• treatment without device removal may also lead to superinfection with more resistant organisms
    • exact timing is controversial and varies on a case-by-case basis (e.g. duration in situ, response to antibiotics, severity of illness, ease of removal/ reinsertion of needed)

Seek and treat complications

Supportive care and monitoring


References and links

LITFL

Journal articles

  • Kalra OP, Raizada A. Approach to a patient with urosepsis. Journal of global infectious diseases. 1(1):57-63. 2009. [pubmed] [free full text]
  • Wagenlehner FM, Lichtenstern C, Rolfes C. Diagnosis and management for urosepsis. International Journal of Urology. 20(10):963-70. 2013. [pubmed] [free full text]

FOAM and web resources


CCC 700 6

Critical Care

Compendium

Chris is an Intensivist and ECMO specialist at the Alfred ICU in Melbourne. He is also the Innovation Lead for the Australian Centre for Health Innovation at Alfred Health and Clinical Adjunct Associate Professor at Monash University. He is a co-founder of the Australia and New Zealand Clinician Educator Network (ANZCEN) and is the Lead for the ANZCEN Clinician Educator Incubator programme. He is on the Board of Directors for the Intensive Care Foundation and is a First Part Examiner for the College of Intensive Care Medicine. He is an internationally recognised Clinician Educator with a passion for helping clinicians learn and for improving the clinical performance of individuals and collectives.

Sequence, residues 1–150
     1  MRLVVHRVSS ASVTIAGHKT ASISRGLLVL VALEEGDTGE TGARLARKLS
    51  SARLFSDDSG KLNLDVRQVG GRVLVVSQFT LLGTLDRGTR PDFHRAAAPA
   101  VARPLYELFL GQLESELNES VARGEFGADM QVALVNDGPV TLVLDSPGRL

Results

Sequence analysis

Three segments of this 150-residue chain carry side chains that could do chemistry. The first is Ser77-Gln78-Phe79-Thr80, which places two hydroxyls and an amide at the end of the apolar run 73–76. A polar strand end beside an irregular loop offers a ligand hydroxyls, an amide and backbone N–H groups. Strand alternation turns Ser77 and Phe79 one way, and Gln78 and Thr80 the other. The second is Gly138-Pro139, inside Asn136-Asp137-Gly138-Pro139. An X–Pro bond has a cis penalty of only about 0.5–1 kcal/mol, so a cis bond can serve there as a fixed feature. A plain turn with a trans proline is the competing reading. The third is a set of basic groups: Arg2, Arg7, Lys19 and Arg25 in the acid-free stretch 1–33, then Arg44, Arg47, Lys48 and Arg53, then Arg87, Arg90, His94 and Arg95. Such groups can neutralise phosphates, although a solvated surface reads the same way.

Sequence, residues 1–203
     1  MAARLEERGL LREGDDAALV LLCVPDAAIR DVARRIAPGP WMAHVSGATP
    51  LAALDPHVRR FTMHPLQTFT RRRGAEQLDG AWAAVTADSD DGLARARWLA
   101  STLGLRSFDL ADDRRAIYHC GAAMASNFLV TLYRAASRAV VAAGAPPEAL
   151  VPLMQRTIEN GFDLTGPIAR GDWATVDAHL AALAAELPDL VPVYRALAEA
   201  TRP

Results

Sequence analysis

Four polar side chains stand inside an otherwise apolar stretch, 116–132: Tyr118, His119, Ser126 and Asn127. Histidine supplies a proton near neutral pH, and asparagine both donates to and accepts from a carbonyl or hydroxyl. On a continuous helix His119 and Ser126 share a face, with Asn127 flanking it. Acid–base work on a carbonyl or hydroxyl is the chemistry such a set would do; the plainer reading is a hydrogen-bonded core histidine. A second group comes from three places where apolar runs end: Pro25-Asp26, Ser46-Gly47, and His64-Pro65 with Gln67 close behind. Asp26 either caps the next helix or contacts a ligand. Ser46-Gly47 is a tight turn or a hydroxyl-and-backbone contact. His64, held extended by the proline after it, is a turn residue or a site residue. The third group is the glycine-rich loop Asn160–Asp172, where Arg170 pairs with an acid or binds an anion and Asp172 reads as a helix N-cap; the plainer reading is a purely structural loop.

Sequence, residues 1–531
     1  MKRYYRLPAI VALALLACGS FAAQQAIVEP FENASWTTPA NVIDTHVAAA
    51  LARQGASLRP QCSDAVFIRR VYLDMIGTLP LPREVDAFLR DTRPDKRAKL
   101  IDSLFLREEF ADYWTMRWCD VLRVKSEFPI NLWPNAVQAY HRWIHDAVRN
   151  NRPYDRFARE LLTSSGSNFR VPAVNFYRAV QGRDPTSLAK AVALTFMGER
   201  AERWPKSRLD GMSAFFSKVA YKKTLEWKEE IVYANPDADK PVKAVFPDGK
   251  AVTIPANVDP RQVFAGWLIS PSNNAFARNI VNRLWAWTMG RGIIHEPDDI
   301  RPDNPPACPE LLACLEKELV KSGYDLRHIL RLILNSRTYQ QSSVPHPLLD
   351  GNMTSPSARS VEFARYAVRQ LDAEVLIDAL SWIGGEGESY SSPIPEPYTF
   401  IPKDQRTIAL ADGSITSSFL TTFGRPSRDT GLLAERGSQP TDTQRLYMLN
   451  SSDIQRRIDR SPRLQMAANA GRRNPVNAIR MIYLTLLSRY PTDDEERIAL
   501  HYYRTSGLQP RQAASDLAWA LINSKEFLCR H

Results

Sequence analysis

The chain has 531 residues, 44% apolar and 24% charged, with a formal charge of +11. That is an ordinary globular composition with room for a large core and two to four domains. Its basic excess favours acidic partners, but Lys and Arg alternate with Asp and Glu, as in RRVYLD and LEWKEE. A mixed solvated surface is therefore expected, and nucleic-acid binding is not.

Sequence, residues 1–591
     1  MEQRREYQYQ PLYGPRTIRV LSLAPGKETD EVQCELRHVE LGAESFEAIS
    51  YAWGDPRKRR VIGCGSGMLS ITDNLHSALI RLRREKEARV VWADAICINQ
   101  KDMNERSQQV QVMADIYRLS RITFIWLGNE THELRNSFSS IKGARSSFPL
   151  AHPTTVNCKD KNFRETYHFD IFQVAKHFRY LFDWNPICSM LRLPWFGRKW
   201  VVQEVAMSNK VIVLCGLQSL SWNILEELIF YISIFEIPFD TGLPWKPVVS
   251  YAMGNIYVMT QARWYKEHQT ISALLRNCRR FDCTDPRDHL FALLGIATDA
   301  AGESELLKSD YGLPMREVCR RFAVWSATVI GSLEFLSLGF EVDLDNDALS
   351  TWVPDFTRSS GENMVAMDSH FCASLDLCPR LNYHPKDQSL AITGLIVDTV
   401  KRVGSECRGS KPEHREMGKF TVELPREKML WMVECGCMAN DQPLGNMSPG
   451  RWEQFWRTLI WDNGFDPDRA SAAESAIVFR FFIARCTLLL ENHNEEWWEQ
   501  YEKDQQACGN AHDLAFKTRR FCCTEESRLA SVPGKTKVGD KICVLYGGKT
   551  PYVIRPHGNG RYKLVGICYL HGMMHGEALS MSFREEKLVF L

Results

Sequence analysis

After finishing his medical degree at the University of Auckland, he continued post-graduate training in New Zealand as well as Australia’s Northern Territory, Perth and Melbourne. He has completed fellowship training in both intensive care medicine and emergency medicine, as well as post-graduate training in biochemistry, clinical toxicology, clinical epidemiology, and health professional education.

He is actively involved in in using translational simulation to improve patient care and the design of processes and systems at Alfred Health. He coordinates the Alfred ICU’s education and simulation programmes and runs the unit’s education website, INTENSIVE.  He created the ‘Critically Ill Airway’ course and teaches on numerous courses around the world. He is one of the founders of the FOAM movement (Free Open-Access Medical education) and is co-creator of litfl.com, the RAGE podcast, the Resuscitology course, and the SMACC conference.

His one great achievement is being the father of two amazing children.

On Twitter, he is @precordialthump.

| INTENSIVE | RAGE | Resuscitology | SMACC